August '17

For the Business of Apparel Decorating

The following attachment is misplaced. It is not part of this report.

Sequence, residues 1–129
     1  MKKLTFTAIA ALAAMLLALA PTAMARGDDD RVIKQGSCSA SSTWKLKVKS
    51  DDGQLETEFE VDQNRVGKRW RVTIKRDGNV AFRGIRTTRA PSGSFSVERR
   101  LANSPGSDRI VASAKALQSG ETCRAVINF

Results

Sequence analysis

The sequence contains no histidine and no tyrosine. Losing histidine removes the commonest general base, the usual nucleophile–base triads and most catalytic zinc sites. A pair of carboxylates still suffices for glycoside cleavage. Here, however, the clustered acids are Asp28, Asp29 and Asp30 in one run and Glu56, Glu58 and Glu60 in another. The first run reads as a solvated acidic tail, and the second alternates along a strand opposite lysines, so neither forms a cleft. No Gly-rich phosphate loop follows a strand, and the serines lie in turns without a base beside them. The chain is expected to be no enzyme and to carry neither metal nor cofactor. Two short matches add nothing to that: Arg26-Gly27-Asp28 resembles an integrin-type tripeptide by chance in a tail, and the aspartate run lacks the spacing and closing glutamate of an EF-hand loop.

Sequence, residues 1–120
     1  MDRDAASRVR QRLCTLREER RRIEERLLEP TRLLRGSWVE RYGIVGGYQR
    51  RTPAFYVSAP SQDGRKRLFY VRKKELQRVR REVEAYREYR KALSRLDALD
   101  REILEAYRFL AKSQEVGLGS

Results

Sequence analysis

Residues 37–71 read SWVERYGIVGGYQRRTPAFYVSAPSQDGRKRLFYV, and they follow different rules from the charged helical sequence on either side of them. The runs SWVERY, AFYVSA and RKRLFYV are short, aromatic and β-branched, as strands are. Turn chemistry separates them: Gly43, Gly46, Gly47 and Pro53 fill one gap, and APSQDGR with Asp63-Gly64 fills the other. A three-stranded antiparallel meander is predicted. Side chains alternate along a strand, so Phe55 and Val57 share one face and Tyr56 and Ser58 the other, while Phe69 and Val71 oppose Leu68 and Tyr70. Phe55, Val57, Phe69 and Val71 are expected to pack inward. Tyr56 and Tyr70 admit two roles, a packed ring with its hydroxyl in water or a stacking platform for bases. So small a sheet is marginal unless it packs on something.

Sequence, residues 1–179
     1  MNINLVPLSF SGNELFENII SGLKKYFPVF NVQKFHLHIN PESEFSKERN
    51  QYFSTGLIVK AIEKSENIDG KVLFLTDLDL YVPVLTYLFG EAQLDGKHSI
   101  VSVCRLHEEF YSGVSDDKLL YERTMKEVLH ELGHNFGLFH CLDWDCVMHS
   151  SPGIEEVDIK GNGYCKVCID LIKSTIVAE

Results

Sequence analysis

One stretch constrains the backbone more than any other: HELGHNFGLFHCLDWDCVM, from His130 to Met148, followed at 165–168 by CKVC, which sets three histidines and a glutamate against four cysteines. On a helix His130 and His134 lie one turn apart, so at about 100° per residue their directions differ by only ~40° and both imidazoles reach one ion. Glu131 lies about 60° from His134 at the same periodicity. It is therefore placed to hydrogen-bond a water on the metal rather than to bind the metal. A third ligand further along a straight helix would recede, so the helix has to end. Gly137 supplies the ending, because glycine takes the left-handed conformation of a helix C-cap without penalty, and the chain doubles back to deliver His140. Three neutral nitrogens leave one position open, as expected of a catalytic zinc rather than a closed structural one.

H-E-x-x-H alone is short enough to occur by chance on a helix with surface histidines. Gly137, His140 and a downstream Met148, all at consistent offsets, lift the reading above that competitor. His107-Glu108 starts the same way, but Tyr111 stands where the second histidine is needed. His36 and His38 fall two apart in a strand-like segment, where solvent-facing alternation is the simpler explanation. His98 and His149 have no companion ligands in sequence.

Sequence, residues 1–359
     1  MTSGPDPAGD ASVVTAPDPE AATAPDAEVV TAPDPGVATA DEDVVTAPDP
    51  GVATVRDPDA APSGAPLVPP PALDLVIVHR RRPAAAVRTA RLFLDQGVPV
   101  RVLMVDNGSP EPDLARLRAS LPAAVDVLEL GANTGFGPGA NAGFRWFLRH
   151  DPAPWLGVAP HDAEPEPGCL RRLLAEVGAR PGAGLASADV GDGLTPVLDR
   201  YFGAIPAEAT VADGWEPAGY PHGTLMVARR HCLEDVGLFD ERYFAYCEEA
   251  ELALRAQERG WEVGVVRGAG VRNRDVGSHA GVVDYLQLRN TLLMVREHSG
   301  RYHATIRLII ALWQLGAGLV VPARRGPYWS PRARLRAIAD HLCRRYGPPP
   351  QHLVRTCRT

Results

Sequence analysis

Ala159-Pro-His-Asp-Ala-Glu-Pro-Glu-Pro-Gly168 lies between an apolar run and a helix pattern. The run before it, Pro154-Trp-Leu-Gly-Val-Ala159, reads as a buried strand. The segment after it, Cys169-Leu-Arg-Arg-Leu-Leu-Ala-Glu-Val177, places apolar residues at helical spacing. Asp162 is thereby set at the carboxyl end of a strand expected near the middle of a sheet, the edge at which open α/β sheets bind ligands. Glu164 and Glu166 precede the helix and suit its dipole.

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62 || P R I N T W E A R A U G U S T 2 0 1 7 S ublimation printing is a fun and easy way to decorate all sorts of items. The process has been around for some time and is one of the main ways to decorate polyester. With the advent of small, desktop sublimation printers, the ability to use sublimation as a decorating process for the craft market has never been easier. You can decorate everything from polyester fabric to coated mugs and plaques. THE BASICS A common use for sublimation involves heat transfer materials. Because sublimation can only be done on polyester, whatever you decorate needs to be made from polyester or have a polyester coat- ing. To start sublimating, you will need a sublimation printer, sub- limation transfer paper, a heat press, and something to decorate. Many wide-format eco-solvent printers can be adapted to print sublimation ink, although once you make a choice of ink to use, you are generally locked into that printing method. There are also desktop model sublimation printers, which are responsible for the current resurgence in sublimation printing. These printers require much less maintenance and use to stay functional. The only draw- back is the size limitation of 8.5" X 11" and 11" X 17" sheets, which are fine for most crafting purposes. More complex garment designs might require larger prints or multiple sheets. To start, just print your design in mirror image on the sub- limation paper. After it prints, position your design where you want to place it on your blank. This can be a little tricky, as the opaque paper makes it impossible to see your design during placement. A good tip is to print your sublimation paper with registration marks so that you can contour cut your design using a sticky mat and a vinyl cutter. Do- ing so allows you to place your design without issue. Heat transfer tape can help hold your design in place during pressing as well, as it can take the heat and peels off easily without leaving any residue. Next, just press the de- sign, allow it to cool, then peel off the sublimation paper. Your design is now on the item and ready to go. SUBLIMATION AND HEAT TRANSFERS Combining sublimation with heat transfer is a way to decorate non-poly- ester fabrics. Most heat transfer vinyl is either polyurethane or PVC. Poly- urethane can be coated with polyes- ter to make it work for sublimation, however, the temperatures involved are too high for PVC. SublimationPrinting Sublimation Printing and Heat Transfer Vinyls B Y D A V I D W E B E R David Weber has been in the tech industry for more than 15 years and joined Specialty Materials in the fall of 2009. He is a heat-applied graphics expert and has travelled the United States teaching people how to best use the prod- ucts for the benefit of their businesses. For more informa- tion, contact Coated sublimation transfers have a heavier hand. To combat this, designs can be broken down to small squares or circles. (All images courtesy Specialty Materials)

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